In parallel, there exists a concept of ‘distroless’ in a field of containers, where all the unused files are fully extracted from the image. It is worth emphasizing the distinction between the concept of microcontainer and distroless. Microcontainer still contains unused files, as they are required for the system to stay completed. Microcontainer is based on the same system of operation as the regular container and performs all the same functions, with the only difference that its internal files have been enhanced and its size got smaller due to the improvements done by developers.
Microcontainer contains an optimized number of files, so it still includes all files and dependencies required for application run, but in a lighter and smaller format. For BellSoft Alpaquita, for example, a microcontainer carries all necessary files for launching OpenJDK applications and standard instruments for OpenJDK run. This microcontainer has gone through a magnificent enhancement by the BellSoft team, and its small size provides a higher level of security than Alpine Linux.
In summary main features of microcontainer are reflected in:
Its smaller size;
Its higher speed for distribution, download, and scaling;
Security. Microcontainer security is much improved against those containers of larger sizes. Removing extra files not needed from the image helps to diminish the potential for an external attack.
There are quite a few basic images existing today among the smallest containers. A good example would be Debian Slim. Debian Slim is one of the most popular Linux distributions and originates from the larger Debian docker. The other well-known microcontainer is Alpine Linux.
Both these universal base images still contain all the internal components as the large containers do, though they perform better due to the improved sizes of files they carry and some being removed. Universal base images also differ from distroless, as despite the reduced size, they act the same way as large containers. Distroless container images, in turn, usually carry only your application and its runtime dependencies. Distroless images are drastically minimized and considered to be package manager-less, and their practical use and operation differ.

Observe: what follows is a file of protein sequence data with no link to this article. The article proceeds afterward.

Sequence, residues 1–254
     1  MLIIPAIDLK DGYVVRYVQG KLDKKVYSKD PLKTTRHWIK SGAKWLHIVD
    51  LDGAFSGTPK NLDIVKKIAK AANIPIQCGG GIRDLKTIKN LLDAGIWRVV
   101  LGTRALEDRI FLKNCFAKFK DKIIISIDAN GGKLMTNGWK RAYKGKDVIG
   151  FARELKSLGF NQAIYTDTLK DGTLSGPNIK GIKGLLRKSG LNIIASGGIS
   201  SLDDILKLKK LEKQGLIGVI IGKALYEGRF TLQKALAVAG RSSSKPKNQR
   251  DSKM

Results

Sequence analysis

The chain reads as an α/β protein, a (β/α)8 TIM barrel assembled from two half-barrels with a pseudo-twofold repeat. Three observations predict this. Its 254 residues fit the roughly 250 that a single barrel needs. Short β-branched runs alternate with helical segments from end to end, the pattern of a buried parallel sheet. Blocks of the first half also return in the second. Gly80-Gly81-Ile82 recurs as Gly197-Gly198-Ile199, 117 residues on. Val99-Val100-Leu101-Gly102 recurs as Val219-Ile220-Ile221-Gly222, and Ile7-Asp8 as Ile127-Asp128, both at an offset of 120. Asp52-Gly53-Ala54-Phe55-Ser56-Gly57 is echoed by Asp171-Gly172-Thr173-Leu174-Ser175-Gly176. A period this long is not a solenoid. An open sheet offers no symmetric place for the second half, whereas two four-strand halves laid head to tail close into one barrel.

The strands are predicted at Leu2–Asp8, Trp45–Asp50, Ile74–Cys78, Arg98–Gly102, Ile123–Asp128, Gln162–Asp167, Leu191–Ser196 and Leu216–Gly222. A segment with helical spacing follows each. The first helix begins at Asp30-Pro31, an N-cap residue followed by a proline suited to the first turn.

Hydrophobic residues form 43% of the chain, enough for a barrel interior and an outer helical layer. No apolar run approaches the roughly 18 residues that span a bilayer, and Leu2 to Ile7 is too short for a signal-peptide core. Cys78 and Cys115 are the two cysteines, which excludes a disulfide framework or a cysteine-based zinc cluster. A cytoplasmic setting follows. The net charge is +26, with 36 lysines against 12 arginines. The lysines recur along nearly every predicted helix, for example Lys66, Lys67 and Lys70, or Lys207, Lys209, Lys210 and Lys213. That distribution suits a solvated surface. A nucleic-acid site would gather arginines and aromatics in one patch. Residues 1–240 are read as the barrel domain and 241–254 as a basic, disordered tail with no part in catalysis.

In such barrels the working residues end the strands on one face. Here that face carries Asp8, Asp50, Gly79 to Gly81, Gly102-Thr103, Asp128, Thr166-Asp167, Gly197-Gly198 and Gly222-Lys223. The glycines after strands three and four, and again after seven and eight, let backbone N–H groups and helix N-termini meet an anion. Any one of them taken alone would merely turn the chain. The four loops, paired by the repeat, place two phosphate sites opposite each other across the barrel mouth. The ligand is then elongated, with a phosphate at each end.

Returning to the microcontainers, you can make them even smaller and improve their metrics even further. BellSoft did this with Alpine Linux and is releasing this summer a new smaller than Alpine image - Alpaquita Linux. It is lighter and smaller and fully bridged to working with OpenJDK. BellSoft being the author of the integration of the port on musl into OpenJDK, used this muscle advancement further and improved Alpine Linux, creating on its basis Alpaquita Linux. Alpaquita Linux, in addition to the smaller sizes, will gain guaranteed timely updates and fully working standard tools for OpenJDK.
Microcontainers are the obvious win for your cloud-based application. The ongoing modernization of large-size containers definitely will present to the market new better solutions for universal basic images.